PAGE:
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If the Senate’s filibuster is lifted, McConnell threatens a “scorched earth” policy.

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If the Senate's filibuster is lifted, McConnell threatens a "scorched earth" policy.
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If the Senate's filibuster is lifted, McConnell threatens a "scorched earth" policy.

If the Senate’s filibuster is lifted, McConnell threatens a “scorched earth” policy.

 

Senate Republican Leader Mitch McConnell predicted a “scorched earth” scenario if Democrats use their current majority to end the Senate filibuster in the hopes of ramming legislation endorsing President Joe Biden’s agenda through the chamber.

McConnell unleashed a grim prediction of a Senate that would all but cease to work, meaning that Republicans would grind business to a halt by refusing to give consent for routine operations such as session start times, reading of lengthy legislative texts, and quorum call votes.

In a Senate address, McConnell said, “Let me say this very plainly for all 99 of my colleagues: Nobody serving in this chamber can even begin — can even begin to imagine — what a truly scorched earth Senate will look like.”

The partisan gridlock of the Trump and Obama administrations will seem to be “child’s play” in contrast to what’s to come, according to McConnell.

The Republican leader’s harsh words came as the Biden administration was celebrating the passage of the $1.9 trillion American Rescue Bill, the huge COVID-19 relief package that passed Congress without a single Republican vote. As the GOP focuses on potential wars, Republicans have admitted privately that they are trying to divert attention away from the bill, which appears to be common among Americans benefiting from $1,400 cash payments, vaccine distribution, and other assistance.

With the Senate split 50-50, the majority of Biden’s priorities will face a more daunting path in Congress. While the Democratic-controlled House can quickly pass a long list of potentially successful bills — such as expanding voting rights, extending background checks for weapons purchases, and other reforms — the Senate’s rules are more complicated. To end a filibuster, most legislation needs 60 votes.

Senate Democratic Leader Chuck Schumer dismissed McConnell’s comments as a “diversion,” saying he wants to cooperate with Republicans on the pending legislation, but that all filibuster reform options are on the table.

“I don’t think you have to remove the filibuster; you have to do it the way it was when I first got to the Senate back in the old days,” Biden told ABC News’ George Stephanopoulos on Tuesday. You had to get up and take charge of the room, and you had to keep talking.”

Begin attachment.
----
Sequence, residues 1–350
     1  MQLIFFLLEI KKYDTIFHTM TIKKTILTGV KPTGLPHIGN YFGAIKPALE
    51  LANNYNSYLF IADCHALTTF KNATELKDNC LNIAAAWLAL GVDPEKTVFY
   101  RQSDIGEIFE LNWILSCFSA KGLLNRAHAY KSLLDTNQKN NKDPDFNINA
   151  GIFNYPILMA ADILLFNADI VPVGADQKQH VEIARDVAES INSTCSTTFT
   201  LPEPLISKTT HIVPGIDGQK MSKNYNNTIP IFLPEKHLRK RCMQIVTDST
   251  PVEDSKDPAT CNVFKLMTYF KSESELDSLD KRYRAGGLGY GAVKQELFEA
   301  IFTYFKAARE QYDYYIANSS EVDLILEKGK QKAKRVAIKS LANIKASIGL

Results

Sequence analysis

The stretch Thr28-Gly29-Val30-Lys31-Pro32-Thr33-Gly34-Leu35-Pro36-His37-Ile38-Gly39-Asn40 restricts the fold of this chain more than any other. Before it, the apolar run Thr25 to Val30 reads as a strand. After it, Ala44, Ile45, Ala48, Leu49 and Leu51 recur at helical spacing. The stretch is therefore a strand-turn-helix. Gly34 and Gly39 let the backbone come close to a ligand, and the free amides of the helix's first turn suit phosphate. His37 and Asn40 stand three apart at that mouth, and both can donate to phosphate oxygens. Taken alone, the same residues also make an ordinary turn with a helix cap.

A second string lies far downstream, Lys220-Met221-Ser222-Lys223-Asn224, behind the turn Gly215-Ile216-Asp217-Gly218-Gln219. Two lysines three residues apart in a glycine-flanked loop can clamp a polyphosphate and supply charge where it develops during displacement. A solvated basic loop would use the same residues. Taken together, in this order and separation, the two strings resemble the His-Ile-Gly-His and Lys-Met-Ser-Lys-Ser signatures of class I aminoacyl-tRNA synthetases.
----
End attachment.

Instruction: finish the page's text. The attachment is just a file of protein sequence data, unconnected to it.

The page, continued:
Senate Democrats are privately discussing changing the filibuster’s decades-old rules, which allow a single senator to obstruct a bill by objecting. Senators would take the floor in previous eras, speaking for hours about their objections, as depicted in the Hollywood film “Mr. Smith Goes to Washington.” In the mid-twentieth century, they have used it to stall civil rights legislation.

Supporters of the mechanism claim that it safeguards the interests of the opposition party, while critics argue that it is being used to stifle common legislation.

Sen. Dick Durbin, D-Ill., said Tuesday that “the filibuster is now making a mockery of American democracy” nearly 65 years after South Carolina Senator Strom Thurmond’s record-setting 24-hour-plus filibuster over the 1957 Civil Rights Act.

It takes 51 votes to amend Senate rules and remove the filibuster, and Democrats do not seem to have the votes to do so, even with Vice President Kamala Harris acting as a tiebreaker. At least two Democratic senators, West Virginia’s Joe Manchin and Arizona’s Kyrsten Sinema, have expressed opposition, but there may be more.

In the coming weeks, the Senate will be put to the test. As senators begin to consider the bills passed by the House, Democrats will bring the Republican ability to engage in the democratic process to the test by amending the bills in the hopes of passing them.

Democrats are likely to lean in more aggressively to try and amend the rules if Republicans simply filibuster the bills.

Some Democrats want filibustering senators to be forced to hold the floor, as Jimmy Stewart did in the movie “Mr. Smith Goes to Washington.” Senators will now actually signal their filibuster, dubbed “Mr. Smith Phones it In” by Durbin.

Durbin said, “We must change the rules.”

McConnell warned Democrats not to move any further, exposing the retaliatory steps he might take.

“To switch the lights on before noon, to start with a garden-variety floor address, to dispense with the reading of a lengthy legislative document, to schedule committee business, to transfer even non-controversial candidates at something other than a snail’s pace,” he explained.

Changes to the filibuster have been in the works for a decade, part of an escalating procedural arms race that has coincided with the rise of partisanship in the United States.

To address Republican obstruction of President Barack Obama’s executive branch and judicial nominees, Democrats repealed the filibustering law.

Republicans and McConnell then accelerated the process by abolishing the filibuster for Supreme Court justices, enabling President Donald Trump’s three high court nominations to be confirmed without delay.

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